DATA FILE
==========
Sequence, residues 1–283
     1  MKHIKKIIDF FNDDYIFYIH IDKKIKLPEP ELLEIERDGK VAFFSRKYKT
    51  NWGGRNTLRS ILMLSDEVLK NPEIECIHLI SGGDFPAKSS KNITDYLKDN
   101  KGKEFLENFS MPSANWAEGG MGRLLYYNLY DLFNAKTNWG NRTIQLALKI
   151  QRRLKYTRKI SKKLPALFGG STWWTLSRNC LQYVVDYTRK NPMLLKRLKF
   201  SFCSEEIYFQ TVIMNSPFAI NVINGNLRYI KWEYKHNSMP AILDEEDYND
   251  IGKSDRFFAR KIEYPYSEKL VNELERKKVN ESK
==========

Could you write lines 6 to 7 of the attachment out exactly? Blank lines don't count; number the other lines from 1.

   201  SFCSEEIYFQ TVIMNSPFAI NVINGNLRYI KWEYKHNSMP AILDEEDYND
   251  IGKSDRFFAR KIEYPYSEKL VNELERKKVN ESK